5 September 2014, Writing Ideas - Vampire Novel, part 148, real Truth Revelation Writing skills how to develop Storyline, Entertaining, Rising Action
Announcement: We are in the countdown phase for the publication of my new novels. The date on the internet is 1 September. We will see how close we come, or if the publishers meet the deadline. My Aegypt novels will be titled Ancient Light, and the next two books will be called Sister of Light and Sister of Darkness. These were the original titles. They will be released individually and as a 3 in 1 volume. The proposed cover and info can be found at www.ancientlight.com. I'll keep you updated.
Introduction: I wrote the novel Aksinya: Enchantment and the Daemon. This was my 21st novel and through this blog, I gave you the entire novel in installments that included commentary on the writing. In the commentary, in addition to other general information on writing, I explained, how the novel was constructed, the metaphors and symbols in it, the writing techniques and tricks I used, and the way I built the scenes. You can look back through this blog and read the entire novel beginning with http://www.pilotlion.blogspot.com/2010/10/new-novel-part-3-girl-and-demon.html.
I'm using this novel as an example of how I produce, market, and eventually (we hope) get a novel published. I'll keep you informed along the way.
The four plus one basic rules I employ when writing:
1. Don't confuse your readers.
2. Entertain your readers.
3. Ground your readers in the writing.
4. Don't show (or tell) everything.
5. Immerse yourself in the world of your writing.
All novels have five discrete parts:
1. The initial scene (the beginning)
2. The rising action
3. The climax
4. The falling action
5. The dénouement
The theme statement of my newest novel, Valeska, is this: An agent of the organization becomes involved with a vampire girl during a mission, she becomes dependent on the agent, and she is redeemed.
Here is my proposed cover for Valeska:
Here is a great question--how do you make character seem like they are real? Sometimes we refer to this as a well developed character. A well developed character appears to be real, but we know can't be real. Real and the concept of fiction have very little to do with one another. A character only appears to be real--they are like conversations in writing. None are real, they only appear to be real. So, what makes a character seem like they are truly developed and "real?" I can rightly say that theoretically, I think I know, but in some of my early novels, I've been accused of not having deep characters. This may be from the reader's lack of understanding of how characters can be developed, or it may be a failing in my own writing techniques. I think I am maturing as an author, but I do think some readers don't understand how characters should and can be developed. For example, I can take a Dickens or Bronte approach and tell you all about how a character thinks and is--then capture the narrative from that point forward. This is the Victorian means of character definition. On the other hand, the "showing" method--the modern method--of character development is to reveal the character over time and through conversation and narrative. The writer only shows what can be seen and only reveals what can be heard. This is the way we reveal characters without telling.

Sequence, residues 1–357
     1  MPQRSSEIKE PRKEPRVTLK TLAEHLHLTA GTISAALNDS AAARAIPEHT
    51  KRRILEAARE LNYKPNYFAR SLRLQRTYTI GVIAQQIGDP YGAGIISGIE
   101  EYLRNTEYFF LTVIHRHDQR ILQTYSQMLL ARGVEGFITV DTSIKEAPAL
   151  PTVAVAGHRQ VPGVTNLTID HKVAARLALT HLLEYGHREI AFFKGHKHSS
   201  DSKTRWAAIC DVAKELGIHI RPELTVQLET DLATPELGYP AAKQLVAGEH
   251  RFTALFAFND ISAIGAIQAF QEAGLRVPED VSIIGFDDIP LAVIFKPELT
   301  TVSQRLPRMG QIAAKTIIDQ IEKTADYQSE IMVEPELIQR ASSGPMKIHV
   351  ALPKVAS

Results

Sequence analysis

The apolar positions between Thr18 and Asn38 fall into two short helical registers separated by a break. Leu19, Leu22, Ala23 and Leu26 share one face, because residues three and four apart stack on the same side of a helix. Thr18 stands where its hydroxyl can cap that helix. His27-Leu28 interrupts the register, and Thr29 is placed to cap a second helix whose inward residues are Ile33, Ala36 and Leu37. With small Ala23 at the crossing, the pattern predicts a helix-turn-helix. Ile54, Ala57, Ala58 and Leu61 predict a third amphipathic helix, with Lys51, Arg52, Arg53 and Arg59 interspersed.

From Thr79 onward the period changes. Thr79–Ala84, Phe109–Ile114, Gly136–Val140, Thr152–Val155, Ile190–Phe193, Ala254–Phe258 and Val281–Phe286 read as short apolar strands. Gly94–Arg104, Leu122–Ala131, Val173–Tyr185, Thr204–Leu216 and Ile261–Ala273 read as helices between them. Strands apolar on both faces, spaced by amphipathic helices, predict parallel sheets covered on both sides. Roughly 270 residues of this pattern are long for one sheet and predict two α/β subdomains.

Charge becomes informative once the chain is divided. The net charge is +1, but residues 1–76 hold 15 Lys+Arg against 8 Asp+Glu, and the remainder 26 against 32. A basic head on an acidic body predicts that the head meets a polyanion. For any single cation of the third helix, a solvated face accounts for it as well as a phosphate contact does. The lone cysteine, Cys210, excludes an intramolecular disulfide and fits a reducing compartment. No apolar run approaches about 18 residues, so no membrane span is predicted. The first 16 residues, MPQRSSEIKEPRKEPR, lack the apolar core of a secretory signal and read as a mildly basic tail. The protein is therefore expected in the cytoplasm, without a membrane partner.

Which is better and which leads to a more "real" character? I think the showing method is the way to go. This is the method I use and teach. I think it results in a better and more powerful character. It is the method used by most successful authors today. I can see how the subtlety is lost on some readers who are used to Victorian methods where the writer uses the omniscient voice to tell you everything about the character. In my opinion, a much more powerful character can be developed though showing and not telling.
For more information, you can visit my author site http://www.ldalford.com/, and my individual novel websites: